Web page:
C. elegans Rb NuRD and Ras regulate lin-39-mediated cell fusion during vulval fate specification

Zhe Chen, Min Han

Research output: Contribution to journalArticlepeer-review

43 Scopus citations


The tumor suppressor Rb and the NuRD (nucleosome remodeling and histone deacetylation) complex have been implicated in transcriptional repression during cell cycle progression and cell fate specification [1 2]. The Rb/E2F complex physically interacts with and thus recruits the NuRD complex to actively repress transcription [3-7]. Caenorhabditis elegans counterparts of Rb E2F/DP and some NuRD complex components appear to function in a common class B synthetic Multivulva (synMuv) pathway to antagonize RTK/Ras signaling during vulval fate specification [8-11]. Therefore it has been suggested that they function together in a single complex to repress vulva-specific gene transcription [8 9 11]. However little is known about the in vivo interactions between these class B synMuv genes and their relationships with other pathways in specific cellular processes during vulval development. We show that C. elegans Rb/E2F and NuRD complexes antagonize Ras activity by controlling a lin-39 Hox-mediated cell fusion event that regulates the competence of vulval cells. Interestingly Rb/E2F and NuRD complexes exhibit very different genetic properties. While the NuRD complex negatively regulates lin-39 Hox activity likely by downregulating its expression RB/E2F appears to play dual roles in regulating lin-39: a negative role in controlling its activity and a previously uncharacterized positive role in regulating its expression.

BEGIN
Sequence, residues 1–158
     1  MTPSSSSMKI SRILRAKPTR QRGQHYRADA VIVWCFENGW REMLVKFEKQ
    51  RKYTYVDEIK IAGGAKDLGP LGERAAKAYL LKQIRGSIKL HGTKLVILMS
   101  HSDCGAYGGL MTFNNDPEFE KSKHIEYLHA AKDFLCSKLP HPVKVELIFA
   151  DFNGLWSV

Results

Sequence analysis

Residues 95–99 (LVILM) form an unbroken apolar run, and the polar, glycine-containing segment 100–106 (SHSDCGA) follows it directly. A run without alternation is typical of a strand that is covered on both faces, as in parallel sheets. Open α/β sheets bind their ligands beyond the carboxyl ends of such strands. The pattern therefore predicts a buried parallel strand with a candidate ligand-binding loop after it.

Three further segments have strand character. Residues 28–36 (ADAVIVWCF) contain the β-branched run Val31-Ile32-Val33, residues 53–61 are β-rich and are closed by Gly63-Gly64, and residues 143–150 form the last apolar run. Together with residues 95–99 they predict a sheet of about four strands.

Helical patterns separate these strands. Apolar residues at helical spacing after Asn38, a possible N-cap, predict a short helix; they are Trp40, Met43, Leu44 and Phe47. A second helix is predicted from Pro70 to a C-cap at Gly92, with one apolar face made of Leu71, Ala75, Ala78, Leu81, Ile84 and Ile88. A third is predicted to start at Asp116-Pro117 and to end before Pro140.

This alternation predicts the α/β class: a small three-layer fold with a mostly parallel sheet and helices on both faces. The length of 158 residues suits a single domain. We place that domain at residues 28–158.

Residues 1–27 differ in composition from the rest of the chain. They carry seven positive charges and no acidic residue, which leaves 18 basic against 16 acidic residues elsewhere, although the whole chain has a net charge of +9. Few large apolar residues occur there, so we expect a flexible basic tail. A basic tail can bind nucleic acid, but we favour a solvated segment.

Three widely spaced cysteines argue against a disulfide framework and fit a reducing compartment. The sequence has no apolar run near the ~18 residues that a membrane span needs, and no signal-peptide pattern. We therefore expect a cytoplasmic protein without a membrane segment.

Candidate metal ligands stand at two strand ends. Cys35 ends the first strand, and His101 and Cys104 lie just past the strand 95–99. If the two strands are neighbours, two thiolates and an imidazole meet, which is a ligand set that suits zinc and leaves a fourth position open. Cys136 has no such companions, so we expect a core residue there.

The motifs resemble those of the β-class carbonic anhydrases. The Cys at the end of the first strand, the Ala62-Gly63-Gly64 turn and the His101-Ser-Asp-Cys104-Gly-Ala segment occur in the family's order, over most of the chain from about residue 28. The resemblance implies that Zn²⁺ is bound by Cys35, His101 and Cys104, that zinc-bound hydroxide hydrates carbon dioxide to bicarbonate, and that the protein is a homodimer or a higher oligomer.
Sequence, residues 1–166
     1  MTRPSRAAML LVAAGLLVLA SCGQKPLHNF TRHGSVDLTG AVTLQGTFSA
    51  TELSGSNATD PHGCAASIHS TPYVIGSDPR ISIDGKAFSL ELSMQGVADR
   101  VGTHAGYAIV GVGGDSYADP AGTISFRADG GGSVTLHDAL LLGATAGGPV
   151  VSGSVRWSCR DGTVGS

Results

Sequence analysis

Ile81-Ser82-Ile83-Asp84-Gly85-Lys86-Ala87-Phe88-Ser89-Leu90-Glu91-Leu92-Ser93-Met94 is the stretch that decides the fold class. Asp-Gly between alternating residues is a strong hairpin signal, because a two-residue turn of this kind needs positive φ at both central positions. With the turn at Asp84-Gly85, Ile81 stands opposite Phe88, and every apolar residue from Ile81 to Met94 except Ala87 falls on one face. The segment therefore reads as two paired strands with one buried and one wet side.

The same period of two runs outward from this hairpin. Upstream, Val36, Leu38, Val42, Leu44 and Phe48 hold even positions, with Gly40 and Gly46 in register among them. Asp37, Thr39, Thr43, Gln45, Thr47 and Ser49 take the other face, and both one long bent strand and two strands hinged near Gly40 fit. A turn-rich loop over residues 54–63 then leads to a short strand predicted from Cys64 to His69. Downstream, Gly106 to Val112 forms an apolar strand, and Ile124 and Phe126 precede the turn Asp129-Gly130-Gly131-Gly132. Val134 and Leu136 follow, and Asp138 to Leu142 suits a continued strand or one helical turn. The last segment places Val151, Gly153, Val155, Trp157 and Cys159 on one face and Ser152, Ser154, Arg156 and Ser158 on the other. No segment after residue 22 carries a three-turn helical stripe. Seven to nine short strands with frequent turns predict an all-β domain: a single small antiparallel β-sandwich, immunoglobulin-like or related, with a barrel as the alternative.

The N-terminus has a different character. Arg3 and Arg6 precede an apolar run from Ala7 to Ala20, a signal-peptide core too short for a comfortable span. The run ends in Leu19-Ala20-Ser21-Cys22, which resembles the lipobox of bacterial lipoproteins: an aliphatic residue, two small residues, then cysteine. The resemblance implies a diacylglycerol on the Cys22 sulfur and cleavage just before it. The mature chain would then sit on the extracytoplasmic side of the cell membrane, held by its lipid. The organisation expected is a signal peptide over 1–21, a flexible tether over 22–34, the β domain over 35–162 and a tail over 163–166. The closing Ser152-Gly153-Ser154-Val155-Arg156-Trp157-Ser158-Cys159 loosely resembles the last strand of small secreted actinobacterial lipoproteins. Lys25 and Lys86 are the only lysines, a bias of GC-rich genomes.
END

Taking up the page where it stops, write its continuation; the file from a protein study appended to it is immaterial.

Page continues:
Original languageEnglish (US)
Pages (from-to)1874-1879
Number of pages6
JournalCurrent Biology
Issue number23
StatePublished - Nov 27 2001
Externally publishedYes

Bibliographical note

Funding Information:
We thank J. Simske and J. Harding for providing the jam-1::gfp construct, C. Kenyon for the lin-39::lacZ-integrated strain, D. Fay for RNAi constructs, and the C. elegans Genetic Center (University of Minnesota) for some strains used in this work. We also thank D. Starr, W. Johnson, D. Fay, C. Byars, and W. Wood for critically reading the manuscript. This work was supported by a RO1 grant from the National Institutes of Health (GM47869) to M.H., who is an Assistant Investigator of the HHMI.


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